The number of farmers markets in Los Angeles County has more than doubled over the last decade, from 53 to 129, and many of the venues are new, small and operated by neophytes. Such is the case with the Los Feliz farmers market, which was started five months ago by Helen Lee, a filmmaker who grew up in the area and got into the world of markets when she operated a crepe stand. She has started three markets since April; this one, sponsored by a nonprofit organization called Eco-Op, began near the well-known Dresden restaurant, but a month ago moved two blocks north to its current, more visible location in a post office parking lot. In this modest space Lee has managed to fit 25 stands, of which seven are certified produce vendors and 18 offer prepared foods and miscellaneous merchandise. The neighborhood invites strolling, but free local parking is scarce.
The produce vendors are a mixed bag, with just enough coverage of the essentials. Lee herself tends one of the stands, Jazzy Sprouts, for the owner. Mai Yang, a Hmong grower from Sanger, near Fresno, has the most wide-ranging selection, with a host of Asian vegetables (bok choy, yu choy, gai lan), turnips, nappa cabbage, purple yams and citrus (Oroblancos, navel oranges, satsumas); the family also sells at the Melrose Place and Hollywood markets.
The Santa Maria area, in northern Santa Barbara County, has become increasingly important in strawberry cultivation in recent years, and Brenda Farms, named after co-owner Jose Sanchez's sister, does a good job with the Albion variety. Early winter is the lowest point for production of strawberries, but they can still be quite good, and firmer than warm-weather berries, as long as they are not washed away in rainstorms or frozen. Unlike growers in many other areas, California strawberry farmers replant every year, and Sanchez says the harvest from his new plants should begin in about a month.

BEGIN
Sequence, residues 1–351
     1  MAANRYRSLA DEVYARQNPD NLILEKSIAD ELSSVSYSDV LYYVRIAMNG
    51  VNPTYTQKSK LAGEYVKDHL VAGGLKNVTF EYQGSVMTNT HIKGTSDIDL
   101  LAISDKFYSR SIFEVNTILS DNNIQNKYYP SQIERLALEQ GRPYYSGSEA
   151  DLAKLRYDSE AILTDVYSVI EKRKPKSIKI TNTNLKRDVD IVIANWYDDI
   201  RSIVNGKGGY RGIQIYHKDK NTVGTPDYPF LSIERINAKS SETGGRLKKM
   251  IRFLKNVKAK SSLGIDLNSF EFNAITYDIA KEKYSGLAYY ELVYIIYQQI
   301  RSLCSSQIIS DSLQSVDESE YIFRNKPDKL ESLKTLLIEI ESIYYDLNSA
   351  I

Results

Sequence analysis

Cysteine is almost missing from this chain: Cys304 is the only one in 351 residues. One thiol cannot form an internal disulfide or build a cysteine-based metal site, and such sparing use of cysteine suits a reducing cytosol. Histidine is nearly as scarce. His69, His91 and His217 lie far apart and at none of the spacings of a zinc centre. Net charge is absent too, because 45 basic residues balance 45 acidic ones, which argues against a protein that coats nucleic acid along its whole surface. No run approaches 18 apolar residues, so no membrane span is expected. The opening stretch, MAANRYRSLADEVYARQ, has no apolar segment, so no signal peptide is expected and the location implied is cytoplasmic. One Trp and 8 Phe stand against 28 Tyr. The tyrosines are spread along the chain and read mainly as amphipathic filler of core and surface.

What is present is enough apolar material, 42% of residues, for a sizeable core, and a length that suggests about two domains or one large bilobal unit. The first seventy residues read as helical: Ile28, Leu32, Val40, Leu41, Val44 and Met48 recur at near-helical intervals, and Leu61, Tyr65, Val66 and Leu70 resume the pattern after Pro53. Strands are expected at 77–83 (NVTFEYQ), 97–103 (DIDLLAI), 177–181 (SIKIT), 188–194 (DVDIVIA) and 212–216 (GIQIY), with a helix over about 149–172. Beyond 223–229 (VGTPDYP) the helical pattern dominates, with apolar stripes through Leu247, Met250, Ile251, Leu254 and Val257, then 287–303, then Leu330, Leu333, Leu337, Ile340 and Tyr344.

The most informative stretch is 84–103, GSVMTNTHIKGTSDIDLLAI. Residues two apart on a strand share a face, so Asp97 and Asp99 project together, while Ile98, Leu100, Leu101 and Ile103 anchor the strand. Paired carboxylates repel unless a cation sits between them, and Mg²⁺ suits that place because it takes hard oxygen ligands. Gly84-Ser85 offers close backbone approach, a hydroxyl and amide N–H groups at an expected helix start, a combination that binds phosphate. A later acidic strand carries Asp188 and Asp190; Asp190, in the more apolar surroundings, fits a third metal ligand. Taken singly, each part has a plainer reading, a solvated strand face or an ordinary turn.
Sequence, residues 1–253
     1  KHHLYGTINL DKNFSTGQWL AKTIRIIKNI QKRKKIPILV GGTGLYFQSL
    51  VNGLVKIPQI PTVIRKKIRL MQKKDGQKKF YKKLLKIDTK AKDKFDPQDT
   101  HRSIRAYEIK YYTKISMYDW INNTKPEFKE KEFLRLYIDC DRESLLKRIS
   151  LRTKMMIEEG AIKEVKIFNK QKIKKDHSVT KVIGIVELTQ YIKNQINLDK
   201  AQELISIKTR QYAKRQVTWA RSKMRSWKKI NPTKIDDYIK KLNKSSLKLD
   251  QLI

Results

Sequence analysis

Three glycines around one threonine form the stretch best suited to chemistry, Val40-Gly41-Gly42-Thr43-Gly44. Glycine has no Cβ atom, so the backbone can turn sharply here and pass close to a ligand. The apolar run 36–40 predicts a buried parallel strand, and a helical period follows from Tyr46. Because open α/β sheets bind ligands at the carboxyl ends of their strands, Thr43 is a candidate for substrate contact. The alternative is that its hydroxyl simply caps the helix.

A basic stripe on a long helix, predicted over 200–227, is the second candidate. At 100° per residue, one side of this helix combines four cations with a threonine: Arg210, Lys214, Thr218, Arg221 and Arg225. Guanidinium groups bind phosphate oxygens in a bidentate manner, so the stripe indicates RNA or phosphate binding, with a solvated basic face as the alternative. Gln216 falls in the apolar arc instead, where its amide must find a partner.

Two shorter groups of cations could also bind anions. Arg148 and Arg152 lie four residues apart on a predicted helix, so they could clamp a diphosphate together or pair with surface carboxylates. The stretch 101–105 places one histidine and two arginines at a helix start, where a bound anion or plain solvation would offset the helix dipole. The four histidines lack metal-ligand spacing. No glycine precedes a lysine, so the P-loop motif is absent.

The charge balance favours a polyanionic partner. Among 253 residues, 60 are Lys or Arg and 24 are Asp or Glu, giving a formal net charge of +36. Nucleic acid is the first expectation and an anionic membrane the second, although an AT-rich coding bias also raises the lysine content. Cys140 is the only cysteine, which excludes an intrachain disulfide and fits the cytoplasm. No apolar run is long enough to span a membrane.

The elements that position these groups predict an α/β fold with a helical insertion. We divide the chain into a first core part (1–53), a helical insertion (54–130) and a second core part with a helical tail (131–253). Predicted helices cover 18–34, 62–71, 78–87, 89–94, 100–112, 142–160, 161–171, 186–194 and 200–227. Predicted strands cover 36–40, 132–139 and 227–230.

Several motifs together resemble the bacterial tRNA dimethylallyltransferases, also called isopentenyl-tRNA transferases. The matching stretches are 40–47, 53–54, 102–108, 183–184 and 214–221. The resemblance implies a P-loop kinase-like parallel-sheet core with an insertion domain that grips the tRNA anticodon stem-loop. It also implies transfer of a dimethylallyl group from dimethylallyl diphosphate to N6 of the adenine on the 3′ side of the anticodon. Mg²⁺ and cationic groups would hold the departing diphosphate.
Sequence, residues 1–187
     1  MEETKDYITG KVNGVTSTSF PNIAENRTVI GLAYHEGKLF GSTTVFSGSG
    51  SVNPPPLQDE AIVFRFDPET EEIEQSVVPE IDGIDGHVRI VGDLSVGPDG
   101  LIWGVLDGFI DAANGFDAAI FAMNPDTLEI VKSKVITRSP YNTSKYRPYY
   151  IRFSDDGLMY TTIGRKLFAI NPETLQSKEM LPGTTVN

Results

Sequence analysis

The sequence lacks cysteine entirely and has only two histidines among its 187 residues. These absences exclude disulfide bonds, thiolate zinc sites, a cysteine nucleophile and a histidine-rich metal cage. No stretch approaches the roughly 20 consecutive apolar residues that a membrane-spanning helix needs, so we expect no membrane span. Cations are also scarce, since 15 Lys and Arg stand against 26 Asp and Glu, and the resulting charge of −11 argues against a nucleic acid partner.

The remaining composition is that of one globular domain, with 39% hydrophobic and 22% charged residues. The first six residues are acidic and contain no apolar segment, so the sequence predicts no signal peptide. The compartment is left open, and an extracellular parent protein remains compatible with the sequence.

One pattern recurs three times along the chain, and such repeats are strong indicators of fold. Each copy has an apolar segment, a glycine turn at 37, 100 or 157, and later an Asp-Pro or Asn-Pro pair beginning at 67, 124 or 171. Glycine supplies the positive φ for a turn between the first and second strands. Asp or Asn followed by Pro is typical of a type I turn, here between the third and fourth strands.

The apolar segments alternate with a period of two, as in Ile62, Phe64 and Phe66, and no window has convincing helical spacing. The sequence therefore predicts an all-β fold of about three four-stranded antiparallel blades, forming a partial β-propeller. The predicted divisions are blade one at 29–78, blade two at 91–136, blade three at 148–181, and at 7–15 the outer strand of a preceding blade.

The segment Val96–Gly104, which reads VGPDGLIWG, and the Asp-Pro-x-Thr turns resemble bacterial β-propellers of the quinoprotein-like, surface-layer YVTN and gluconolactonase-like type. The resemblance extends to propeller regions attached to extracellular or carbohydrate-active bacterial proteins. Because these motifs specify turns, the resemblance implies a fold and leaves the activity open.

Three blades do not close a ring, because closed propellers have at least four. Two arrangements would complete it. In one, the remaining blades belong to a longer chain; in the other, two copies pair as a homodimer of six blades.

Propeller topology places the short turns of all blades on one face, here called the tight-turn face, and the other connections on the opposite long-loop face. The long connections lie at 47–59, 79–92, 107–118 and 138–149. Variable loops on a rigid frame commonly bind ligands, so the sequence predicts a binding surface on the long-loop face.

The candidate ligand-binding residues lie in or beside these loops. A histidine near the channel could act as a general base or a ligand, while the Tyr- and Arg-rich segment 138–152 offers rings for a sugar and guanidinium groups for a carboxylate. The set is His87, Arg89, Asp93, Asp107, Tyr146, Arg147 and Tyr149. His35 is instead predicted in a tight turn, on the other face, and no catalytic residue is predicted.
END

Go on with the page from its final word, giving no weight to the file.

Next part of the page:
Tito Rivadeneira of Castaic, a retired paralegal who took up farming two years ago, brings cremini, portobello and oyster mushrooms, along with potatoes and eggs. These are put to good use at the yellow and chrome Gastrobus, which sells excellent, reasonably priced food prepared from market produce by J. Antonio Medina, a former Wolfgang Puck chef, and his wife, Lana. Among their offerings last Sunday were scrambled eggs with toast, cooked just right; mushrooms with tomato and garlic ragout; and smashed Yukon Gold potatoes with leek fondue and mustard.
Los Feliz farmers market, 1825 N. Vermont Ave. (south of Franklin Avenue), Sundays 9 a.m. to 2 p.m.
Tips of the week: Fairview Gardens of Goleta brings pristine organic Tuscan kale (a.k.a. black kale, cavalo nero, or dinosaur kale) that's tender enough to toss in a pot without stripping off tough stalks. Santa Monica Wednesday.
Yuzu, a highly aromatic Japanese citrus, is well known for its use in ponzu sauce, and shreds or slivers of its rind are used to accent cooked vegetables, fish and noodles. The season is nearing its end, but in Japan it is traditional on the winter solstice or New Year's Day to take a yuzu bath, in which several whole fruits are floated. Mud Creek Ranch, Santa Monica Wednesday and Hollywood.Copyright © 2014, Los Angeles Times